Wisconsin organizers also used the recount results successfully to encourage the WEC to prohibit further use of one particularly unreliable model of voting machine, after the recount caught it ignoring votes marked on as many as one-third of the ballots.
And now, Stein’s organization, Voting Justice, has achieved victory in a recount-related lawsuit that will throw some much-needed light on voting-machine software.
A unique Wisconsin law requires voting machine companies to place a copy of the actual vote-tabulating software in escrow after every election. Separate from the process of approving voting machines for sale, this requirement was originally intended to protect local governments’ voting-equipment investment. In case a company went out of business, the State would have a working copy of the most recently updated software as backup to keep the machines counting.
The law also requires the State to allow candidates to inspect the escrowed software if the candidates agree “to exercise the highest degree of reasonable care to maintain the confidentiality of all proprietary information.” The software in Wisconsin voting machines is the same as that used in other states, and any inspection could have national implications.
So the Stein campaign asked to inspect the software. They and WEC reached agreement on how Stein’s experts can examine the software without having the opportunity to steal the voting machine companies’ trade secrets. (I can hear the computer-security academics scoffing: “As if anyone would want to!”)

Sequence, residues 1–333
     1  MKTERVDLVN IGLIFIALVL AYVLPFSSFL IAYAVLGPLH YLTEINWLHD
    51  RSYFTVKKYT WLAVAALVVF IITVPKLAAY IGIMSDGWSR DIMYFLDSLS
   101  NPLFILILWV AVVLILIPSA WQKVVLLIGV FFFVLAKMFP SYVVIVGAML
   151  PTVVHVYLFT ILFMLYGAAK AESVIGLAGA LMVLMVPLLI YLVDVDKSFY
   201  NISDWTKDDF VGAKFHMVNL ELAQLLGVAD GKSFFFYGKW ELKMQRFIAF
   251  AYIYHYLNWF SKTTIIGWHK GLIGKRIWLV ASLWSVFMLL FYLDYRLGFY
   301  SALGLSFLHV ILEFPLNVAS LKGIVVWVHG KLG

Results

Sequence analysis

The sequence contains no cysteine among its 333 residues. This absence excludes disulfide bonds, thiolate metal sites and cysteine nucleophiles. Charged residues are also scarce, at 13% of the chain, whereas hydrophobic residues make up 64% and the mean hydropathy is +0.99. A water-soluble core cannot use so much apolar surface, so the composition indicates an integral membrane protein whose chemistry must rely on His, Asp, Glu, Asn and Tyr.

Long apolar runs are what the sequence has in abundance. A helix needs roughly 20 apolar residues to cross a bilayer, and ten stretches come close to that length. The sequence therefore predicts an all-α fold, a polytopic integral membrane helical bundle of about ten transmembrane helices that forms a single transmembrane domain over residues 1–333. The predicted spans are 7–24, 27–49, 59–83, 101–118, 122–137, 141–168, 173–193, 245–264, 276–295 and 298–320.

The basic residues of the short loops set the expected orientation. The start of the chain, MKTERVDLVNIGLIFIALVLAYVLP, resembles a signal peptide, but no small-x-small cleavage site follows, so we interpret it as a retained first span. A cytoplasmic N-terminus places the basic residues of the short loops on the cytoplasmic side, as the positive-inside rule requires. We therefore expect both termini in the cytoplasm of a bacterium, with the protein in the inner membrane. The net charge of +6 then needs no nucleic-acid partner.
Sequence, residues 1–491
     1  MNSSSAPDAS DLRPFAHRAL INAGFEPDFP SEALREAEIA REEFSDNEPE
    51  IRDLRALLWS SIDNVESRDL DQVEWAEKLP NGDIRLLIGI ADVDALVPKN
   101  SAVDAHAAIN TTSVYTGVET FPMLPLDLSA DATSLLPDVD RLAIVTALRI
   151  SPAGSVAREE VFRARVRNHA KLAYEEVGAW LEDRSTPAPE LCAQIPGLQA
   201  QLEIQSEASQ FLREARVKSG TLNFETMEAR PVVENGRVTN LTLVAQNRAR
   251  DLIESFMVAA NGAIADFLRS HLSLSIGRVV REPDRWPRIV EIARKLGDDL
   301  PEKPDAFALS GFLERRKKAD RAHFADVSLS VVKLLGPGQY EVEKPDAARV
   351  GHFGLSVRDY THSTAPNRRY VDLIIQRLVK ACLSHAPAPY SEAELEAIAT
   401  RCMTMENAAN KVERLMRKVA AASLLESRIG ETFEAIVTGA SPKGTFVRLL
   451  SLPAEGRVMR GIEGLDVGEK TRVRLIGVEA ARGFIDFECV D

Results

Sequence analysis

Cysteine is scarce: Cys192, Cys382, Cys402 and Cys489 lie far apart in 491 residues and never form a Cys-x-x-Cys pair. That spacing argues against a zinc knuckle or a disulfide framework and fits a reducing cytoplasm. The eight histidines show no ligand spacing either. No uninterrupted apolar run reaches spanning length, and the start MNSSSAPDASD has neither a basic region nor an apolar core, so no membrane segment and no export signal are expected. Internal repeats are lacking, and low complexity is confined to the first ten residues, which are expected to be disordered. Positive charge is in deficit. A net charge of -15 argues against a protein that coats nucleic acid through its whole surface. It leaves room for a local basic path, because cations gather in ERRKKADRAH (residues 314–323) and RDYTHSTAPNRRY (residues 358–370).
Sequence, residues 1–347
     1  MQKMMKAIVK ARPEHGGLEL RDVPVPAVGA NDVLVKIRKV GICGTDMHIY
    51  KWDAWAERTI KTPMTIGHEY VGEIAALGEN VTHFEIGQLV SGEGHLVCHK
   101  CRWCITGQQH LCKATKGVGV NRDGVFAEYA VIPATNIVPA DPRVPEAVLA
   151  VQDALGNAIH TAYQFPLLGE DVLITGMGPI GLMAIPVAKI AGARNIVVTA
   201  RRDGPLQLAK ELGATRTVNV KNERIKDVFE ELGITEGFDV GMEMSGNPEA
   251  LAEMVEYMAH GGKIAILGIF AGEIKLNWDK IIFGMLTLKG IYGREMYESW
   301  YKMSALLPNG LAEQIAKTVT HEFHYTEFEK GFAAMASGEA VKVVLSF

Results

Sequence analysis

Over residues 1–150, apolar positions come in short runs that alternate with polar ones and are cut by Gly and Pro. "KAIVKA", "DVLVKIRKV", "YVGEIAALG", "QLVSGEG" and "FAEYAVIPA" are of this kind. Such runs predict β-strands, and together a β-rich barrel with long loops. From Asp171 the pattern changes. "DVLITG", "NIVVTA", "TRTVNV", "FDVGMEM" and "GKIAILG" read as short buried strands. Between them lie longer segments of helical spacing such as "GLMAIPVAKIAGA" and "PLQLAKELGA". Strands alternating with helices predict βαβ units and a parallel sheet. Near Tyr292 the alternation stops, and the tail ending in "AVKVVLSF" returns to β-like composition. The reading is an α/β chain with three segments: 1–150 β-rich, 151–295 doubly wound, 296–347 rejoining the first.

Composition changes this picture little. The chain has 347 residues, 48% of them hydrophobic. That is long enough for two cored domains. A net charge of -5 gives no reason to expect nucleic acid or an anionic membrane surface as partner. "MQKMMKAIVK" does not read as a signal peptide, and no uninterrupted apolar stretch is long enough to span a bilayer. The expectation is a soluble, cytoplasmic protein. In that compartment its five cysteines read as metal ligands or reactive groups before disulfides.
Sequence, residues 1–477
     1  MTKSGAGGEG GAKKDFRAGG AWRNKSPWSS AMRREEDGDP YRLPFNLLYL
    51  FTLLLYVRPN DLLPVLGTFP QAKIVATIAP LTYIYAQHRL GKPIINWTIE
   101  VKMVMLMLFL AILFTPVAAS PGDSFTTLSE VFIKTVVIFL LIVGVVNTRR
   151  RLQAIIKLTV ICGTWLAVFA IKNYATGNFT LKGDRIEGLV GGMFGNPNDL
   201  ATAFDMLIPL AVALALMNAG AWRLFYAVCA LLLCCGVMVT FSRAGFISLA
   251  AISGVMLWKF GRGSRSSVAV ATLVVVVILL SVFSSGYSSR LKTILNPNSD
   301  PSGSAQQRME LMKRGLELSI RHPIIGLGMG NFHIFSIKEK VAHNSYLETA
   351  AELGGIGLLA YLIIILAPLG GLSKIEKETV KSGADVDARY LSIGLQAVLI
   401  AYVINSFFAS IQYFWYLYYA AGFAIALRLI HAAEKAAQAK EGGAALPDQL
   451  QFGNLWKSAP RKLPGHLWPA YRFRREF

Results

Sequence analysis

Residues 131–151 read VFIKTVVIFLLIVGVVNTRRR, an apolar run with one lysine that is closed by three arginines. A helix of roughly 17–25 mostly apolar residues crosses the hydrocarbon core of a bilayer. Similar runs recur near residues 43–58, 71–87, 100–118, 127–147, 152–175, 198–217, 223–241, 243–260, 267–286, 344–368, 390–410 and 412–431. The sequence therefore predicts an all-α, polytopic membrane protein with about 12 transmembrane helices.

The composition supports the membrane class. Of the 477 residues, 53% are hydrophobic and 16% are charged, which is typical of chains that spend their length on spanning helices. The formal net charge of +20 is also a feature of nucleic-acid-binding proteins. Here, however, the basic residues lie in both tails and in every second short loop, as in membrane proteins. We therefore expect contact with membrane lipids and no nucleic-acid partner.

But when the voting-machine companies saw the agreement, ES&S and Dominion didn’t want to play by those rules. The two major players in Wisconsin's voting-machine market wanted WEC to impose a gag order on Stein's inspectors.
WEC said "No gag order." The companies sued.
Their demand of the court was basically: “If you’re going to let Jill Stein’s experts examine our software, prohibit them from ever telling anyone their conclusions.” In other words, the voting machine companies wanted the judge to declare that the experts’ opinions were the companies’ proprietary trade secrets.
Dane County Circuit Court Judge Stephen Elke backed the WEC and turned the voting machine companies down. Likely sensing the main reason why any company would seek such a gag order, the judge wrote: